Tucson doctor wins international award for crisis intervention work

A Tucson psychiatrist received international honors this week for her ongoing work in crisis intervention and law enforcement.

Dr. Margie Balfour, chief of quality and clinical innovation at Connections Health Solutions, oversees the Crisis Response Center, an observation and evaluation facility for people experiencing various types of crisis. She also works closely with the Southern Arizona Crisis Intervention Team to develop and update its curriculum and deliver the training.


On Wednesday, Balfour was named Behavior Healthcare Professional of the Year at the 2021 Crisis Intervention Team International Convention. CIT is police-based training to help people with mental health, substance use or other types of issues receive treatment, rather than enter the criminal justice system. The organization has representatives from all 50 states and several countries.


Tucson Police sergeant Jason Winsky, who heads up the department's Mental Health Support Team, nominated Balfour for the award. He said CIT International only gives out a few awards each year, with more than 100 doctors having received a nomination.


"For the size of Tucson, we're just so lucky to have this kind of nationally recognized, published author and psychiatrist to run our CRC," Winsky said, adding that Balfour's collaboration with law enforcement and its Crisis intervention Team training is a big part of why she was honored.

43b6f89e01f662dc0f1d618367e80f5c-1.jpgBalfour was previously named the Doctor of the Year by the National Council for Behavioral Health, and received TPD's medal of honor for her work to help law enforcement better serve the mentally ill population.


"The CRC has a 'no wrong door' policy for law enforcement, meaning no matter how agitated or intoxicated or riled up someone is, they still take that patient for us," Winsky said. "That's what makes (TPD's specialty teams) successful. Otherwise, that person would end up in jail."


Winsky said that Balfour's work has been transformative over the years, as the landscape has rapidly evolved.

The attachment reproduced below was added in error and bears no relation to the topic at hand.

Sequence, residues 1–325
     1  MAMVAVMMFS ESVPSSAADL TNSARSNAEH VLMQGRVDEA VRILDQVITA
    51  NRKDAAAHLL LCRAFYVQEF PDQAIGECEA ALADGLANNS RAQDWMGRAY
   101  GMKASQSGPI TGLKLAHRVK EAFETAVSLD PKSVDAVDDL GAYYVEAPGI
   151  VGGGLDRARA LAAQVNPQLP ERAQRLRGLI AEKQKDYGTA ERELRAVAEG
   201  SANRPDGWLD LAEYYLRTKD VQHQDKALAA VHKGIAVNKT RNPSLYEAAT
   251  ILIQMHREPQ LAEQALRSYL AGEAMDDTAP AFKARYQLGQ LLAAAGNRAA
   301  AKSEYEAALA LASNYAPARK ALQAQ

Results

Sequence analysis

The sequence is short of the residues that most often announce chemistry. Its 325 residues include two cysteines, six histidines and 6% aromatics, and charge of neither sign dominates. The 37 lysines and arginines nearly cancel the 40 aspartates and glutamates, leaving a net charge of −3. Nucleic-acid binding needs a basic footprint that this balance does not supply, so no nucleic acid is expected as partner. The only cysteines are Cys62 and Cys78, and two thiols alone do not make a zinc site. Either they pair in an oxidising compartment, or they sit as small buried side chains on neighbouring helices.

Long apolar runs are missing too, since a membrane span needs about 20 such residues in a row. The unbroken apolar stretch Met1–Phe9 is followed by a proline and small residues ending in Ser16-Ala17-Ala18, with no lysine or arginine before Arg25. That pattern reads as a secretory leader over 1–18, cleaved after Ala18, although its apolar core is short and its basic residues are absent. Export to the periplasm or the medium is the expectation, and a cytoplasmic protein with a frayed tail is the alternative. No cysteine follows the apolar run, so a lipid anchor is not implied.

Five years ago, conversations at police conferences centered around how to sell officers on the concepts of de-escalation and diversion. These days, police and sheriff departments have evolved to where they have bought in to the concepts, but most departments don't have a viable option when it comes to taking people for treatment instead of placing them under arrest.


"This gives us the option to not take them to jail," Winsky said of the CRC.


Balfour came to Tucson in 2014 and has been working with law enforcement from the start to try to help make behavioral health treatment a viable option. While this isn't her first award for her work, this one is particularly meaningful, she told the Star on Friday.


"It's a huge honor, especially because it's not an award that comes from other mental health professionals. This comes from law enforcement," Balfour said. "It's a nice validation of the partnership that we've worked so hard to build."


Balfour said she and her colleagues have worked to make it easier to bring people to treatment than it is to bring them to jail.


"Tucson police has really done a great job with their training and their CIT," Balfour said. "If you're training the police to recognize mental illness and de-escalate people and divert them to treatment instead of take them to jail, their first question is going to be, 'Divert to what?' So, it's great that they've gotten all that training, and it's great that Pima County built the Crisis Response Center so that there's a place to get in and out quickly and get back on the street and do the right thing."

Balfour said that the CRC is getting ready to expand its services in upcoming months, to assist people as they're coming out of crisis, rather than just while they're in it.


"The crisis system in Arizona is by far the most advanced, sophisticated crisis system in the country and everyone is looking to Arizona as a national model as this new funding is coming down for crisis," Balfour said. "In particular, and maybe I'm a little biased, the Southern Arizona system, even more so."


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